In principle these possibilities should be distinguishable by experiments in cell culture. There is also valuable (but not conclusive) evidence available from in vivo observations. The evidence, reviewed in the following sections, suggests that mechanism (1) is dominant, though other mechanisms do contribute.

Initial invasion by syncytium gives way to later invasive behaviour on the part of cytotrophoblast; these two processes should be seen as distinct, though interdependent. It is to be expected that the onset of cytotrophoblast invasion is heralded by a panoply of changes in cell-cell and cell-matrix interactions as cells escape from the tips of anchoring villi. Cell-matrix interactions might include matrix remodelling (production or breakdown) by trophoblast as well as changes in cell surface receptors for matrix components, as anchorage to the villous basement membrane is lost and the maternal vascular and decidual matrices encountered. It is also possible that the maternal ecm could in turn influence the trophoblast differentiation state.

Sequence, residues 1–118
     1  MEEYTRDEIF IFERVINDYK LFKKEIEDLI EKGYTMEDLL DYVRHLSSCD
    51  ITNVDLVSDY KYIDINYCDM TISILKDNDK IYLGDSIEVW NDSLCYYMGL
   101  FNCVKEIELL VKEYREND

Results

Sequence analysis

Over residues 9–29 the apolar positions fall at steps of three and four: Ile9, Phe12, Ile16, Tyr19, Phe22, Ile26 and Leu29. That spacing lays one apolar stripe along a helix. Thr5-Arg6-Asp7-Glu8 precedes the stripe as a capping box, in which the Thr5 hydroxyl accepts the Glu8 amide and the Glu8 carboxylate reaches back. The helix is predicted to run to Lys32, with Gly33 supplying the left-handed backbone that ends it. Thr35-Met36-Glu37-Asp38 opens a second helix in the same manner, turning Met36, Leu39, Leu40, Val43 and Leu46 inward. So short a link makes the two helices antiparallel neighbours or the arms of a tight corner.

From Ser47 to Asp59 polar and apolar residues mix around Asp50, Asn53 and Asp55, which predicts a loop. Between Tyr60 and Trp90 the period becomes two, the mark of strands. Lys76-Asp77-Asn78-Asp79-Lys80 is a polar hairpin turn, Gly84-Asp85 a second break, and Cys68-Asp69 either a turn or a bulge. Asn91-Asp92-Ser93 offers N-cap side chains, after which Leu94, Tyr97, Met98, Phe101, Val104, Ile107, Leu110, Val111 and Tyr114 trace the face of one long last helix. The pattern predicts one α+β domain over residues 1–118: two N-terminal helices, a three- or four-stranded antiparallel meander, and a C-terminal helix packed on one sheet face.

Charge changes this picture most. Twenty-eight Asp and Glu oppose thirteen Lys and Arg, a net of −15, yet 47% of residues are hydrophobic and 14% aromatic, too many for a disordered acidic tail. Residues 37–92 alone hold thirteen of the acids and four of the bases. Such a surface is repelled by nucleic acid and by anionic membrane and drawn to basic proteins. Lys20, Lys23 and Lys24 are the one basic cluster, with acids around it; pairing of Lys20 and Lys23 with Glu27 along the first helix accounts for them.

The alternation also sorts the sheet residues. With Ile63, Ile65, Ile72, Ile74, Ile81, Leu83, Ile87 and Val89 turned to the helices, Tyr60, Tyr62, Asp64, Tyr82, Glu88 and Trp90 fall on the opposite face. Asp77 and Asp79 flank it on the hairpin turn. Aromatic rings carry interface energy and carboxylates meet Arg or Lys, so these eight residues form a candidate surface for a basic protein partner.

Trophoblast isolated from first trimester placenta, unlike third trimester isolate, retains considerable proliferative potential in vitro (Stromberg et al. 1978; Cotte et al. 1980; Yagel et al. 1988; Yeger et al. 1989). Although a subpopulation of the cells differentiate down the villous pathway, mononuclear cytotrophoblast persists for several passages. Loke and Burland (1988) have detected in first trimester isolates a proportion of cytokeratin-positive cells carrying the HLA class I framework epitope W6/32. This is present in vivo only on the extravillous population (HLA-G; see above), and so their data support the contention that there are extravillous-type cells present or that they appear during culture.